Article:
Blind voters sue over New Hampshire absentee ballot system
CONCORD, N.H. (AP) — New Hampshire’s absentee ballot system will force blind voters and those with other disabilities to sacrifice their privacy, safety or potentially both during the coronavirus pandemic, according to a lawsuit filed against the state.
Disabilities Rights Center-New Hampshire sued Secretary of State William Gardner on behalf of the National Federation of the Blind and its New Hampshire chapter, Granite State Independent Living, and three voters with disabilities. The lawsuit, filed Tuesday in U.S. District Court, seeks to force the state to implement an accessible, electronic absentee voting system.
Every step of New Hampshire’s absentee voting program is inaccessible,” the lawsuit states. “Plaintiffs are entitled to equal access to New Hampshire’s absentee voting program to vote privately, secretly, independently, and safely, as individuals without disabilities can.”
Absentee ballots typically are only available in limited circumstances, but the state is allowing anyone to use them for the Sept. 8 state primary and Nov. 3 general election if they have concerns about the virus. Special voting machines for people with disabilities will be available for those who vote in person, but both scenarios are problematic, according to the lawsuit.
For example, plaintiff Daniel Frye, who is blind, often asks his personal care attendants to fill out and sign forms for him. But he does not want to disclose his voting choices to them because it could affect their relationship if they disagree. But he’s also concerned about the safety of voting in person, because he can’t confirm whether others are wearing masks or gloves, or are maintaining adequate distance. In addition, “he has often been grabbed by strangers who assume he needs help when he does not,” the lawsuit states.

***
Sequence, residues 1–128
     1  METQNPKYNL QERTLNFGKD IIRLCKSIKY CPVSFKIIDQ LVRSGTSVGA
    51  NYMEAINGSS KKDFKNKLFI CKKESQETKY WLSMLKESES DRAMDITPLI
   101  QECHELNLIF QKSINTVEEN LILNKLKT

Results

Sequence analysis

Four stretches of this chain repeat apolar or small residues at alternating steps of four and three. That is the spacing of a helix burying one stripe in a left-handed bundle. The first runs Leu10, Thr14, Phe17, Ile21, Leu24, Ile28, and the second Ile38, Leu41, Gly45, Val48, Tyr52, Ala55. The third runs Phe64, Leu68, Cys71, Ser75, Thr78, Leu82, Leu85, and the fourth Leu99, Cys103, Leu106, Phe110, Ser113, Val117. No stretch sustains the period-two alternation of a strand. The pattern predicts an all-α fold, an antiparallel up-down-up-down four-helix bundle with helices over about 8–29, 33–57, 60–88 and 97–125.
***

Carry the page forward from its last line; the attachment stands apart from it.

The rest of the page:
According to the lawsuit, technology is in use across the country that allows voters with disabilities to register to vote and request, receive and return absentee ballots electronically, and nearly half the states allowed such returns as of September. More recently, New York was court-ordered to allow voters to request absentee ballots for its June 23 primary by email, receive the ballots and an envelope template over email, mark the ballots on their computers and print and return them by mail.
But Gardner, the secretary of state, said Wednesday that many computer scientists warn against using the Internet for any part of voting, and said many states that rushed to embrace technology have now gone back to paper-and-pencil voting. He said he shares the concerns of the plaintiffs about voting in person, however, and has been working with experts to explore possible solutions.
“We’re looking at this process that they believe is best,” he said. “We have been working to see what could be done that could be secret and secure.”
Mark Riccobono, president of the National Federation of the Blind, said the organization has offered assistance to no avail.
“We therefore bring this litigation to prevent the continued treatment of New Hampshire’s blind voters as second-class citizens.”